Baking Bread in a Wood Oven

Patrick Mooney
fresh baked bread

Bread is the staff of life and while you can bake bread in just about any oven, there is nothing like baking bread in a wood oven to give you great flavor and an incredible crust.

The Basics of Bread Baking

In order to make a loaf of bread, you need four ingredients: flour, water, yeast, and salt. From this base, you can make any kind of bread you want (for unleavened bread, you would not use a leavening agent like yeast). There are a few basic steps to bread baking. Plan to follow these steps:

  • Scaling the ingredients - Measuring the ingredients is called scaling because bakers use scales to get a more accurate measurement. Professional recipes are usually given in weight and, more often than not, in metric.
  • Mixing the ingredients - The ingredients must be mixed according to the method being used, either straight dough, sponge, or starter method.
  • Fermentation - Allowing the leavener to ferment and the dough rise.
  • Punching - Literally hitting the dough, not too hard, to let out the gasses that have formed.
  • Scaling - This is when the baker scales out the bread, dividing it into loaves.
  • Rounding - Shaping of the loaf.
  • Benching - Letting the dough sit on the work surface rising for a little bit.
  • Makeup & panning - braiding, shaping, or placing the dough into the pan in which it will cook.
  • Proofing - Letting the bread rise one last time, usually done in a steam environment.
  • Baking - The actual baking part.
  • Cooling - Letting the bread cool properly before you eat it, or…
  • Storing - Storing the bread properly to prevent mold or staling.

Baking Your Bread

Once you have your bread ready to cook, it is time to get it in an oven and start baking. If you have one handy, you will find that baking bread in a wood oven will give you some of the best bread you have ever experienced. Despite its name, a wood oven will usually be made of stone or brick. Any material can be used to make the oven as long as it can withstand high temperatures and hold on to heat, something called a "good heat sink."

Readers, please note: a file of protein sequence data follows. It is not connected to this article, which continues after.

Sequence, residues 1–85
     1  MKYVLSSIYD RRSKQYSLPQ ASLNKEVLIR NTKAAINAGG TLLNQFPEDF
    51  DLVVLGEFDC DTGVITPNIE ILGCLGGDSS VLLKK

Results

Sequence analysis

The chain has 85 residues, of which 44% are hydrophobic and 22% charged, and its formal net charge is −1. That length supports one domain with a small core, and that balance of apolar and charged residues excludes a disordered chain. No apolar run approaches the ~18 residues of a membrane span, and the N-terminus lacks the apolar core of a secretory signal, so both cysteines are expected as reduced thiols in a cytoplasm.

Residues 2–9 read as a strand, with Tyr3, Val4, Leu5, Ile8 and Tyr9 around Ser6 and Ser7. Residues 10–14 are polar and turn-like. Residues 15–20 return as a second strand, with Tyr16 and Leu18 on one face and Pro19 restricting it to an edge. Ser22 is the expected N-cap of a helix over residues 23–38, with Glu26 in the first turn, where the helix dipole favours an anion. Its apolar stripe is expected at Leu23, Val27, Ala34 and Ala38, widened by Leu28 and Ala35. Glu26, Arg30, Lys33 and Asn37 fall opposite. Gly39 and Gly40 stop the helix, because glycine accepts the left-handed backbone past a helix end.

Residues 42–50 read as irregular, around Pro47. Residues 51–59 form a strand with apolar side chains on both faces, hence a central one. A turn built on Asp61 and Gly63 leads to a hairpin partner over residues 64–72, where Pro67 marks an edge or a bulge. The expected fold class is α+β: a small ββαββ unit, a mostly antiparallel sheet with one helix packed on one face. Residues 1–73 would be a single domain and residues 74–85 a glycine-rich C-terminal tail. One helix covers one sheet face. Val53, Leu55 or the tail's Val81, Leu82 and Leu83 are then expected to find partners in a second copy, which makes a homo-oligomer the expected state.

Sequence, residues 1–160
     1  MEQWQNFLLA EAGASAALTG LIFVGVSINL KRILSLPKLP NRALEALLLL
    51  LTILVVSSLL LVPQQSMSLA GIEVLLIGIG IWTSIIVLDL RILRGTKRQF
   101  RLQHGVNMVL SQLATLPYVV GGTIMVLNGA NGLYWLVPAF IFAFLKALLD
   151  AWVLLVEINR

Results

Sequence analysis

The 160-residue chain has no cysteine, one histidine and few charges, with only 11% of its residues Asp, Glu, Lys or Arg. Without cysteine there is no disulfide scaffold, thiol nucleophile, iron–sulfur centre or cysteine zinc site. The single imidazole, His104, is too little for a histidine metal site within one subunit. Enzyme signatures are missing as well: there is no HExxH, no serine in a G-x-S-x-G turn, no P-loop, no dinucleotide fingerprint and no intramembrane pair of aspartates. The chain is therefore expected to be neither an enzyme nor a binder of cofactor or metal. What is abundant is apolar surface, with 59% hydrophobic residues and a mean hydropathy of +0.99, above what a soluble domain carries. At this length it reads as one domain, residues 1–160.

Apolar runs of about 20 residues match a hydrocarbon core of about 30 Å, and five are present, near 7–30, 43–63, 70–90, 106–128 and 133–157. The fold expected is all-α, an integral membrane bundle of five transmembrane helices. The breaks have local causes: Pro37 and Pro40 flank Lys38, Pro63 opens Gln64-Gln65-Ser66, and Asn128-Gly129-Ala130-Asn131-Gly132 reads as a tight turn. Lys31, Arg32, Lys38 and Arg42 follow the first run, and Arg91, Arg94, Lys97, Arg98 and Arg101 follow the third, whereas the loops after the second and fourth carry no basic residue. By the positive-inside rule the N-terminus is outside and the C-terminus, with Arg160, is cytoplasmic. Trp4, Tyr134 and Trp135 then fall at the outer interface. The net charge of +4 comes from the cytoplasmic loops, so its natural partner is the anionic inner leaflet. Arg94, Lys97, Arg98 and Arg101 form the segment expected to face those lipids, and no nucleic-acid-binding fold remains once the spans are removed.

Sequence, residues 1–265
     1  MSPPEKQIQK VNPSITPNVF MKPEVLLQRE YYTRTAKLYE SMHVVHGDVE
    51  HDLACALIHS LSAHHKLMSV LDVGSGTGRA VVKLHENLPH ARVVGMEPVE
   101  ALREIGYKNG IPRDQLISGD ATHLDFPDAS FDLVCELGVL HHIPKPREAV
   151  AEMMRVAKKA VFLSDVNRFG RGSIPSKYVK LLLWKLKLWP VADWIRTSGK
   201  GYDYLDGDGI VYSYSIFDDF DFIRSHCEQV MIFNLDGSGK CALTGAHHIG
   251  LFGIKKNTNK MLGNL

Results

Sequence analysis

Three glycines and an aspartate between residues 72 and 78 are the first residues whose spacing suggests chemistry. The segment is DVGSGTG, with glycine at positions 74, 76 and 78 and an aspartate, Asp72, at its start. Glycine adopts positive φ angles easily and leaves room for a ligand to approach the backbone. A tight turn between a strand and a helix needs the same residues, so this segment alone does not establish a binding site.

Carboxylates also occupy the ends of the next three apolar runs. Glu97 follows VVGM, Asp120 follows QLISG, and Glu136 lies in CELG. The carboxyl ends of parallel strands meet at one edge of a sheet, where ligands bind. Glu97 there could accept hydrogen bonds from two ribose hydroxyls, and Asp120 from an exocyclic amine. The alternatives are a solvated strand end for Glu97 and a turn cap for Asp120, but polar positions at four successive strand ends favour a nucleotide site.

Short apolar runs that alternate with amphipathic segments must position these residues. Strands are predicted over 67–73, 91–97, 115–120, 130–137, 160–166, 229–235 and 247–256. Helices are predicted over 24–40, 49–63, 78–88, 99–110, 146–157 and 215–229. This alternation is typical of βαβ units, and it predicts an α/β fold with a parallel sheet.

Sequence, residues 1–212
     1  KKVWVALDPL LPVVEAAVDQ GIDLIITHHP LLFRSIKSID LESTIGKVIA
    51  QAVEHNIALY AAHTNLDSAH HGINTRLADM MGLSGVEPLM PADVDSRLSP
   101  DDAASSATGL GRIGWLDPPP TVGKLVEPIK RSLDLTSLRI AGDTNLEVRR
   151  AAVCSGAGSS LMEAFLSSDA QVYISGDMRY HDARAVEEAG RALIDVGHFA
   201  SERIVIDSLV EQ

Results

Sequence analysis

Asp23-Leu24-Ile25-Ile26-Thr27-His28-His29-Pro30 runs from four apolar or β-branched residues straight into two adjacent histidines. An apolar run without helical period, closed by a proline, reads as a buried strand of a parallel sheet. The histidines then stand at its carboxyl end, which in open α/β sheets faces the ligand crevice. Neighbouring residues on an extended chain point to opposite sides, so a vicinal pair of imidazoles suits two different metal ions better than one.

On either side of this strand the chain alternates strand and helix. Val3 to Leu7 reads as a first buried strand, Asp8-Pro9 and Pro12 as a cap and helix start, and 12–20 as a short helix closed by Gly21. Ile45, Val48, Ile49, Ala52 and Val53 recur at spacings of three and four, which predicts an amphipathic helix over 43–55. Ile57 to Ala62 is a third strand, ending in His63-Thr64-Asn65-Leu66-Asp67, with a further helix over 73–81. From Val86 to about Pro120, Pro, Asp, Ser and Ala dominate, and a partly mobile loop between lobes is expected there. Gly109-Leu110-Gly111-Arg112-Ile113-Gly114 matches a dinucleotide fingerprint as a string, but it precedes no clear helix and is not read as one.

The heat occurs by burning wood in the oven itself, hence the name. It is best to use very dry wood. At first you will notice a lot of smoke--this is natural and will usually happen when there is too much fuel (wood) in the oven. The walls will turn black with the smoke and this is expected as well. As the wood turns to embers, the intense heat will burn the smoke off the walls of the oven and the walls will turn white hot with the heat. Ideally the oven should get hot enough to ignite the gases that collect in the oven. Once the oven has reached its temperature, it is time to remove the embers from the oven. After the embers are removed, the floor of the oven is mopped to remove the ashes. Traditionally, the embers are placed into a bucket and the bakers will roast sausages for their lunch over the embers.

The signature crust, a deep and flavorful crust, is one of the primary reasons for baking bread in a wood oven and it comes from the steam that is released from the dough as it cooks. When you seal the oven door, the steam will get trapped in the oven, giving you a fantastic crust.

Baking Bread in a Wood Oven

Wood ovens are called "falling ovens" because the temperature starts very high and then falls as the bread cooks. If you were lucky enough to have access to one of these ovens, the breads you could make would be dazzling. And, if you are so inclined, they make great pizzas as well. Whatever kind of bread you are making, you will find that there is no substitute for baking bread in a wood oven.

Baking Bread in a Wood Oven